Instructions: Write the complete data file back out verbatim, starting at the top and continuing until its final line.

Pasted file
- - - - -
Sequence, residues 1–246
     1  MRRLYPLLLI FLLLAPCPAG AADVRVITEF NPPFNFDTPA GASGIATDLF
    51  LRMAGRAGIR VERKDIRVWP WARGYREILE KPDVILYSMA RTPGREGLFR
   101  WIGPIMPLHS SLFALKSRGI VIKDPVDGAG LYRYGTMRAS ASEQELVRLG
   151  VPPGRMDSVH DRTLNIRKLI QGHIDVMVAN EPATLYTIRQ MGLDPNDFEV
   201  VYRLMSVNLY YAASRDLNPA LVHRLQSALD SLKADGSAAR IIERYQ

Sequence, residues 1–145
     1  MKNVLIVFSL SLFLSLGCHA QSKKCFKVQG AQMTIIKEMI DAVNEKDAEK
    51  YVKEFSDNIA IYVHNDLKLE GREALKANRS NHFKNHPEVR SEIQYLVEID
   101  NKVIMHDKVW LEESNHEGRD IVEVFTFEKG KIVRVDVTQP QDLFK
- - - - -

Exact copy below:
Sequence, residues 1–246
     1  MRRLYPLLLI FLLLAPCPAG AADVRVITEF NPPFNFDTPA GASGIATDLF
    51  LRMAGRAGIR VERKDIRVWP WARGYREILE KPDVILYSMA RTPGREGLFR
   101  WIGPIMPLHS SLFALKSRGI VIKDPVDGAG LYRYGTMRAS ASEQELVRLG
   151  VPPGRMDSVH DRTLNIRKLI QGHIDVMVAN EPATLYTIRQ MGLDPNDFEV
   201  VYRLMSVNLY YAASRDLNPA LVHRLQSALD SLKADGSAAR IIERYQ

Sequence, residues 1–145
     1  MKNVLIVFSL SLFLSLGCHA QSKKCFKVQG AQMTIIKEMI DAVNEKDAEK
    51  YVKEFSDNIA IYVHNDLKLE GREALKANRS NHFKNHPEVR SEIQYLVEID
   101  NKVIMHDKVW LEESNHEGRD IVEVFTFEKG KIVRVDVTQP QDLFK